Diane Wilde

Diane Wilde, Sacramento, California

Diane Wilde, Sacramento, California

“I have been going inside the prisons for about 12 years. The reason I started is because it is my karma. My eldest son is in prison. It was a struggle when he was younger, dealing with his addiction problems. We couldn’t help him, as much as we tried. And I felt the only way to untangle whatever karma I had generated to have a child that was addicted and that I could not help, was to see if I could be of help to someone else. As he went into prison, I went into prison. I found immense relief and joy, being of service. I founded Buddhist Pathways Prison Project and now there are more than 50 volunteers servicing eleven prisons and volunteers from two jails recently joined us. Both inmates and prison staff are asking us to send more volunteers to more prisons. We see what a real difference it makes in the inmate population, because we help create a safe environment. We offer a safe place for Sangha, where inmates can be vulnerable… a rarity in prison. Inmates have a place to talk frankly about their guilt, their remorse, and we provide them some guidelines on how to deal with these issues.”

“At a Buddhist service, we begin with some sort of mindful movement, like yoga, stretching, qigong, walking, etc. The reason we do this is because inmates are very much in their heads, and obsess over their stories of anger, guilt or just fantasies… they are not in their bodies at all. And the first foundation of mindfulness is experiencing the body as a body. So we start with bringing them back into their bodies. Then we provide meditation instruction. Some Sanghas need guidance and others have been meeting for years and are experienced meditators. Our Buddhist service includes, reciting the Four Noble Truths, the Five Precepts and the Eightfold Path, the core teachings. After that, we discuss Dharma in our lives and how we work with these teachings. For instance, if we are studying the precepts, we might ask if the desire to harm came up this week. What took place and what did you notice about your reactivity? The inmates support each other as they discover ways to alleviate suffering in their lives and in those with whom they come in contact. We close with a dedication of merit or metta for all sentient beings.”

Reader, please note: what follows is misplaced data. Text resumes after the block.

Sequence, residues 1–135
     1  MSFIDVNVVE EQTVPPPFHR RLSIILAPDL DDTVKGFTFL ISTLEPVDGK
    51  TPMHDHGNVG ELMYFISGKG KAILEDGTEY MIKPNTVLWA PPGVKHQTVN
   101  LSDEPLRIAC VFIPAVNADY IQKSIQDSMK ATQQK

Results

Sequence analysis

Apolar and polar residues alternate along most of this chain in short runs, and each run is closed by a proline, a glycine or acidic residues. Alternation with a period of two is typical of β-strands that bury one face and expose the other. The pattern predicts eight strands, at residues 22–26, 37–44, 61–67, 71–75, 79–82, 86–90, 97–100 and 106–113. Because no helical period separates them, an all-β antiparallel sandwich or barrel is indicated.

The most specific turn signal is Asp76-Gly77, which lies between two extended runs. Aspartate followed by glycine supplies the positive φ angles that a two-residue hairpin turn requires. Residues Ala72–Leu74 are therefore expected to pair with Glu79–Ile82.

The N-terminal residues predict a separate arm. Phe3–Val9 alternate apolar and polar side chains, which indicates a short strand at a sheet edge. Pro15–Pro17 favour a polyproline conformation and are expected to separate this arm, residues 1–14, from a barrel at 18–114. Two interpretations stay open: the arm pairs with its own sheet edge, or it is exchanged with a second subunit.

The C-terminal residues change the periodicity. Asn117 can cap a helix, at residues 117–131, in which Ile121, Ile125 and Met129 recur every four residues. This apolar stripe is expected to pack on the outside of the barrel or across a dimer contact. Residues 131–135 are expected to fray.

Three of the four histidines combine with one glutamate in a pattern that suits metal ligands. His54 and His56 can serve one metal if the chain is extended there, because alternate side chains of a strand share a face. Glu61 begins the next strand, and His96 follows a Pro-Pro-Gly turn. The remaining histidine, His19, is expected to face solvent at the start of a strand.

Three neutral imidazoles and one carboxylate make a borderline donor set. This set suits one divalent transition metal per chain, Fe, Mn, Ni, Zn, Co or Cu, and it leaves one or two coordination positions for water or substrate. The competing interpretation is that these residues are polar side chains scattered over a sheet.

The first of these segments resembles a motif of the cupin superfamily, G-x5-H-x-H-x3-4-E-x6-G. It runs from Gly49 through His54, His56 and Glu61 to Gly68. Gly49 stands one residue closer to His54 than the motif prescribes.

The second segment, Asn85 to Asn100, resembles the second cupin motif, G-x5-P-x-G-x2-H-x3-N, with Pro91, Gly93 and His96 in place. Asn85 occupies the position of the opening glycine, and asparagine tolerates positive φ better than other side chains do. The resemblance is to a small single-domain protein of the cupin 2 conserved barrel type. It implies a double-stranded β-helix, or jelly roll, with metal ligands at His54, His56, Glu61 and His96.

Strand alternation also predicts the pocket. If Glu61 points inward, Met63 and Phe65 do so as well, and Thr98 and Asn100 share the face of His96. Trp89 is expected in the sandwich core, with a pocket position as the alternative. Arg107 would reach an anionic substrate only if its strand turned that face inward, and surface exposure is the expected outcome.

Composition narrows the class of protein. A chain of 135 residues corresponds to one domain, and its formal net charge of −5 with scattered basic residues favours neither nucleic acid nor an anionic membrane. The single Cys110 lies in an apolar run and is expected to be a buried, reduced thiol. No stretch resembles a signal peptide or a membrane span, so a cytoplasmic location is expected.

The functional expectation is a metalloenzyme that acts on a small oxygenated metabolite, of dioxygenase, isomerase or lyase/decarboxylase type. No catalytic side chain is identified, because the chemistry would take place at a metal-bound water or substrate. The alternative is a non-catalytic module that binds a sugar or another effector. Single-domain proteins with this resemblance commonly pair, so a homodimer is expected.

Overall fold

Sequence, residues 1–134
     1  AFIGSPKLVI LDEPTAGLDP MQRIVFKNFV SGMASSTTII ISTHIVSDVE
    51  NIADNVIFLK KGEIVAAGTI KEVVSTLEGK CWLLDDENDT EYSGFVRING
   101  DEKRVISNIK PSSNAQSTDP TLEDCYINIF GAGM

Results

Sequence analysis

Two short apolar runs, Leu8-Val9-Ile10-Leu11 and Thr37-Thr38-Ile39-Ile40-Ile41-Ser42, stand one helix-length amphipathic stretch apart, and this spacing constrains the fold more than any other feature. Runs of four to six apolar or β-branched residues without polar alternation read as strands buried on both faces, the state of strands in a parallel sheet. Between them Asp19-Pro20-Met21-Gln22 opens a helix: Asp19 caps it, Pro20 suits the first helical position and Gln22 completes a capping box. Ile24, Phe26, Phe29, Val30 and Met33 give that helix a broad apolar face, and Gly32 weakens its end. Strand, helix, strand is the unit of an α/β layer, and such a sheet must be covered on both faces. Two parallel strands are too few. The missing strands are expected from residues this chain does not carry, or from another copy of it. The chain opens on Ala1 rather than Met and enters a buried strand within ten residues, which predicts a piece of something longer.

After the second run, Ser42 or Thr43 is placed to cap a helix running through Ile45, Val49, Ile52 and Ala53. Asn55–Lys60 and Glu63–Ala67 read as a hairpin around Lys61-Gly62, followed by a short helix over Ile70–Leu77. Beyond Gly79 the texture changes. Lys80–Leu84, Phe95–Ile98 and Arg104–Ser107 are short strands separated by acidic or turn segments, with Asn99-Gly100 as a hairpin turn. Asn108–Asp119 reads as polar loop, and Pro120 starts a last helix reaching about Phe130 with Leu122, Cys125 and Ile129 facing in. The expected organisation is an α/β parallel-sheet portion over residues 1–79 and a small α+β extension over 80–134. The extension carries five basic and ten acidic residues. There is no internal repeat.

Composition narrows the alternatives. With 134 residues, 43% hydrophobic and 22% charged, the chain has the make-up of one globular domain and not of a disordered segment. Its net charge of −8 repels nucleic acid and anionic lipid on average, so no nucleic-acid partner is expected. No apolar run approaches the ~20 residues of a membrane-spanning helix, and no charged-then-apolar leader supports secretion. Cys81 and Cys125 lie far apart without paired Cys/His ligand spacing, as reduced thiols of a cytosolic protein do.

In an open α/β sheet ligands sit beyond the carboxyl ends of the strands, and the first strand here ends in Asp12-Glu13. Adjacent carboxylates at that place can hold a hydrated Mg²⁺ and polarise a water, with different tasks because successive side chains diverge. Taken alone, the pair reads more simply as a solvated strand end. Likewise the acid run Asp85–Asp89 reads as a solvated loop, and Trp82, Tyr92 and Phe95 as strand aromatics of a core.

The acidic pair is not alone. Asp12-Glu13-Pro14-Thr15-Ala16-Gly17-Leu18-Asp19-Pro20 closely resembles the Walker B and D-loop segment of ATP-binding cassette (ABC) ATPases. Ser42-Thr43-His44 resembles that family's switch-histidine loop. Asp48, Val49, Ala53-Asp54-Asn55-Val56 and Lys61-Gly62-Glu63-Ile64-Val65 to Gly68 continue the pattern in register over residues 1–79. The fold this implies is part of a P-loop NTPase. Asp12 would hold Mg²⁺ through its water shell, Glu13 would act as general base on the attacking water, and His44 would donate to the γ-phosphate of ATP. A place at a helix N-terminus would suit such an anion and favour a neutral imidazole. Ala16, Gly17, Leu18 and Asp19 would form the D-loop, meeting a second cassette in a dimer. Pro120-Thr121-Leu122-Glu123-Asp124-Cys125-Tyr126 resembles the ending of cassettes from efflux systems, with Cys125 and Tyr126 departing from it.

“When I first started going into prison I would ask people why they were coming to Buddhist services, and I would stress that they offer an honest replay. One guy once said: “I understand that Buddhists develop psychic abilities and can levitate, and I plan on levitating out of here.” If inmates come to feel better and want to have ‘no thoughts,’ I tell them that they might be disappointed with Buddhist services if these are the reasons. Rather, we learn to be at ease with what is taking place. In this practice, we are asked to look deeply at ourselves, and sometimes it’s not what we want to see. So I congratulate people who come and stay, because all of the filters and habitual ways of responding are called into question, and that’s not easy for anybody, inmate or not. It’s a new way of life, and you have to be willing to do the work. The Buddha said his path is against the stream. It takes a warrior to put in the effort.”

 

 

 

 

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